When members of the student body found out in December that the beloved sandwich restaurant Shenanigans was reopening, no one had any idea just how quickly the reopening was happening. “I thought it wasn’t going to happen until the beginning of the next Advent semester,” says Jack Russell (C’17). So it was a pleasant surprise when the restaurant opened its doors on January 31.
After being closed for more than a year, Shenanigans was purchased by Nelson Byrd, a member of the Sewanee Class of 2003, and Bill Elder, whose wife, Susie, is also a Sewanee graduate (C’94). After the deal was made official on January 10, the two men set a tentative soft reopening date for February 1 of this year, and plan to host a grand, official re-opening later in the semester. On the “Save Shenanigans” Indiegogo website (a link can be found at the bottom of the article), Byrd and Elder list projects planned for restoring Shenanigans to its full former splendor, including a repurposing of the back room to provide more seating, installing a PA system and removable stage in the main room, new equipment, and a refinishing of the upstairs.
Despite the seemingly large list of things to do, the restaurant looks spectacular. I was lucky enough to be able to go for dinner on February 1. The interior of the restaurant was warm and festive-feeling, though the latter might just have been due to the amount of energy radiating from everyone still excited about the opening. There wasn’t a lot of seating, so it did feel a bit crowded at some points, but once the back room is opened and the crowds Owners Nelson Byrd (left), and Bill Elder have evened out, that most likely won’t continue to be an issue. I went into the meal with extremely high expectations, having heard upperclassmen rave about the Shenanigans of old, and was not disappointed.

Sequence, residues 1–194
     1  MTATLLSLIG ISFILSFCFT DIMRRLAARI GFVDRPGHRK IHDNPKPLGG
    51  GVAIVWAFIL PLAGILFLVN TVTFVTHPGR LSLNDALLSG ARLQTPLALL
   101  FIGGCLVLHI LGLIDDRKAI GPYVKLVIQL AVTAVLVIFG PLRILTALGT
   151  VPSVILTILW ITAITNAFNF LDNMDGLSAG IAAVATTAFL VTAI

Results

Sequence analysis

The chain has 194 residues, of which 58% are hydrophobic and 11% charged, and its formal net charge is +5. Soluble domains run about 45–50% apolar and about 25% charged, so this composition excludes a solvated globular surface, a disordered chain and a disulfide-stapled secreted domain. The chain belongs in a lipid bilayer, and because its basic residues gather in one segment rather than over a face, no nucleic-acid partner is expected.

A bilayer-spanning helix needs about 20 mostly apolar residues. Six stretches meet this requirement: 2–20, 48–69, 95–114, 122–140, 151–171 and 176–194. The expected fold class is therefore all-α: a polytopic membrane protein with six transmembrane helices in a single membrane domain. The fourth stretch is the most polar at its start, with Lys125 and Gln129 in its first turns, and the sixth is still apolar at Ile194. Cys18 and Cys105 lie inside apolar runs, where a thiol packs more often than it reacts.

The menu is small for now, but that’s probably for the best, considering I was having trouble deciding between eight or so sandwiches. In the end, I decided on the patty melt, which turned out to be the best sandwich I’ve had in a long time. Everything on the menu is less than ten dollars, which is definitely a good thing, considering most of the restaurant’s patrons will be college students. The patty melt didn’t come with any sides, but it was substantial enough to where I felt satisfied after just the sandwich. It was definitely a nice bit of variety from the standard McClurg burger. I left feeling incredibly content, and wanting to come back again soon.
If Shenanigans was that delicious within two days of opening, then I can only wait to see how much better it will get from there. Byrd and Elder cite their long-term goal is “to bring back Shenanigans– the way it once was. We want everyone to walk in and find it the same place it was in November of 2010. Same menu, same recipes, same smiles, and faces new and old! And then we’ll go from there. Shenanigans will enjoy a natural progression of changes from that point, but we believe if you put people who know and love the true persona and institution of Shenanigans, than that evolution will be coming from the right place and flow naturally.”
In a couple of years, there will not be any current students to remember the Shenanigans of old. But with luck, a bit of time, and the continued endeavors of the new owners, Shenanigans will thrive for years to come.
If you would like to donate to the “Save Shenanigans” fund, you can visit their website.